Henry Giroux, the celebrated guru of critical pedagogy, should go back to school. -- Consider these remarks from a 2007 interview: "I mean I think the thing about Paulo that has never failed to not move me was the extraordinarily richness and originality of his interventions. It's one thing to read his work, as, you know, we all did, and to recognize the obvious -- I mean, I mean, an assemblage of ongoing brilliant insights. But to be around him and to -- there was a spontaneity coupled with a humility unlike I must say anything I have ever seen among a major intellectual." -- Consider what Giroux accomplishes in only three sentences. -- In the first sentence, a true gem, not only is Giroux redundant ("I mean I think"), verbose (the words "I mean I think the thing about" are entirely unnecessary), ungrammatical ("the extraordinarily richness"), and pretentiously Frenchifying ("his interventions"), he also manages to say precisely the opposite of what he means: intending to comment about something in Freire that has never failed to move him, he instead says it has "never failed not to move" him! -- The next sentence is not quite so egregious, merely exhibiting repetition ("I mean, I mean") and flawed diction (if "insights" are "ongoing," they constitute "vision"; "assemblage" should only be used for concrete objects). -- But Giroux's third sentence concludes with a jewel of linguistic ineptitude: "among a major intellectual." -- Among requires at least three individuals; ordinary mortals sometimes use it instead of between, which requires two; but to use among with a noun in the singular requires genius. -- What's striking in the video is that Giroux never betrays the slightest awareness that he is massacring the language. -- O tempora o mores! ...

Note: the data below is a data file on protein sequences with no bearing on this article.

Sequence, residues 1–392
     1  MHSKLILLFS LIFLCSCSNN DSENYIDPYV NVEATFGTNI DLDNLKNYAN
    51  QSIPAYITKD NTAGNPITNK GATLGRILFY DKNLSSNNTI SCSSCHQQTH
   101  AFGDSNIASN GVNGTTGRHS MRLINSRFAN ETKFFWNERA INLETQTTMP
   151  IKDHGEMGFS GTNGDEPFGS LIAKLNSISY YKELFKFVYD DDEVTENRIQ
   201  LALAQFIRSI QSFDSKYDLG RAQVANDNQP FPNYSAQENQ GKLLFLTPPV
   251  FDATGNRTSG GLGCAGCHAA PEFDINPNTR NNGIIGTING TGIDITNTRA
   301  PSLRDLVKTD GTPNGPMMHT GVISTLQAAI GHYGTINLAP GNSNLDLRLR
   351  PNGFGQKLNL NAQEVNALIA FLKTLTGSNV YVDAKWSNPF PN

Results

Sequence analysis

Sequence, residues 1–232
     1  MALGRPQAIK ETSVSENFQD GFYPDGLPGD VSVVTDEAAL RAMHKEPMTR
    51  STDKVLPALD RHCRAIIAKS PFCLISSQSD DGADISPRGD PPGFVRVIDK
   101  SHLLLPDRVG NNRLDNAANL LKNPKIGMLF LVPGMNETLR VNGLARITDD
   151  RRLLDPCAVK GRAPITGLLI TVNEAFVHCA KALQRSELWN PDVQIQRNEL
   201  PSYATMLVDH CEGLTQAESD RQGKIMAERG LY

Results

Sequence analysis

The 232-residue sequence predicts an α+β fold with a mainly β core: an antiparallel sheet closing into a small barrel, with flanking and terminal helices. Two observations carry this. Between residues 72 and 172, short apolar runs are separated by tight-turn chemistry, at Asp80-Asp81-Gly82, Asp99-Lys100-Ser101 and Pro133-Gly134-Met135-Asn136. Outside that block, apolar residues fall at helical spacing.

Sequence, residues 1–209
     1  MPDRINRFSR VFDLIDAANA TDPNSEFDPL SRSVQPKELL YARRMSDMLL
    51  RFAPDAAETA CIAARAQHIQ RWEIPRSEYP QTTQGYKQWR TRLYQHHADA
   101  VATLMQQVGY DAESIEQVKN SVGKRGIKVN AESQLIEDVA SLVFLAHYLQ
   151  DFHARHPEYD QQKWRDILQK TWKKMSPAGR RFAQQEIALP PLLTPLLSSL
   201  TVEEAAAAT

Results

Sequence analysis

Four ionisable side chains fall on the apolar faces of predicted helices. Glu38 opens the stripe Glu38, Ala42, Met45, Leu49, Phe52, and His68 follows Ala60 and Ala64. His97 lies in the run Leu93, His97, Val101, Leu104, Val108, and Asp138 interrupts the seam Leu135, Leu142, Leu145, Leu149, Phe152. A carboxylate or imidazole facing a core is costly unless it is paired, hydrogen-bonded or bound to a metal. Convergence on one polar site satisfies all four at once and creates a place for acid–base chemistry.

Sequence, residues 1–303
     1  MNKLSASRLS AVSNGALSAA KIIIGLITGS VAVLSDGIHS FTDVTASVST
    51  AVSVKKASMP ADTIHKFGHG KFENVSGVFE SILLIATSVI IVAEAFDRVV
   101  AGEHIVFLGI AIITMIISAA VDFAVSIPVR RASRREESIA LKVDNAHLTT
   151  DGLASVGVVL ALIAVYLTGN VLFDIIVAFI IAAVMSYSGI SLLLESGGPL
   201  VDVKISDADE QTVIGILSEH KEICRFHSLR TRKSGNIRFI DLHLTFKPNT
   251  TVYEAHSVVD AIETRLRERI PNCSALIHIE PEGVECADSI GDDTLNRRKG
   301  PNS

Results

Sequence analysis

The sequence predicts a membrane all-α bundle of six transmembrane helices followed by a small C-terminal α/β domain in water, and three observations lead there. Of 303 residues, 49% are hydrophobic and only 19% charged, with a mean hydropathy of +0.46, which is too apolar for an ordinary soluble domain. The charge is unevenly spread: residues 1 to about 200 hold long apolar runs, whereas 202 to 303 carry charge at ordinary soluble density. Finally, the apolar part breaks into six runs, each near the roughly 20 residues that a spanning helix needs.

HENRY GIROUX: FIGURES IN CRITICAL PEDAGOGY
By Joe L. Kincheloe
December 7, 2007
A dialogue between Joe L. Kincheloe, Canada Research Chair in Critical Pedagogy and Henry A. Giroux, Global Television Network Chair in Communication Studies.
Dr. Shirley R. Steinberg
Special Thanks To
Susan Searls Giroux
Produced for The Paulo and Nita Freire International Project for Critical Pedagogy